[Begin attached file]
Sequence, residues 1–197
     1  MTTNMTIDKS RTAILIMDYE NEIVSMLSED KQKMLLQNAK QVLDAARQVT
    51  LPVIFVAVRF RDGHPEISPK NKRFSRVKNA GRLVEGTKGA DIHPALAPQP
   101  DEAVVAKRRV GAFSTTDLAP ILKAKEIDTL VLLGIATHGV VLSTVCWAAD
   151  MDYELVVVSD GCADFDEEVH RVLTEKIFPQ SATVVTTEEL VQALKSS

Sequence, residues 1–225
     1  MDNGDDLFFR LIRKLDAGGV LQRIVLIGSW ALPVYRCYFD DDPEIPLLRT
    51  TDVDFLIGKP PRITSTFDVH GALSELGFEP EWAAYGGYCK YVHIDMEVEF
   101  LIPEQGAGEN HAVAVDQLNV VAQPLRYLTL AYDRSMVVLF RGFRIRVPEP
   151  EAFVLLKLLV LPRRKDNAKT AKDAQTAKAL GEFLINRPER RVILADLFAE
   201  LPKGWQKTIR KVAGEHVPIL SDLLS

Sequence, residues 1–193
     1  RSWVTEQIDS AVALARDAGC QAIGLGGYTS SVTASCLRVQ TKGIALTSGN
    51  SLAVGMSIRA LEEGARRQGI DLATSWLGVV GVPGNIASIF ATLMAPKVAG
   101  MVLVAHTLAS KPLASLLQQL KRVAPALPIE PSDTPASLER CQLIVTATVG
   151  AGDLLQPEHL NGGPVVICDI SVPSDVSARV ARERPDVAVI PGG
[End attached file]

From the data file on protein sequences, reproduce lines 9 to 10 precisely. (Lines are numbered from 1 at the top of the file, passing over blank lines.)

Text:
   101  LIPEQGAGEN HAVAVDQLNV VAQPLRYLTL AYDRSMVVLF RGFRIRVPEP
   151  EAFVLLKLLV LPRRKDNAKT AKDAQTAKAL GEFLINRPER RVILADLFAE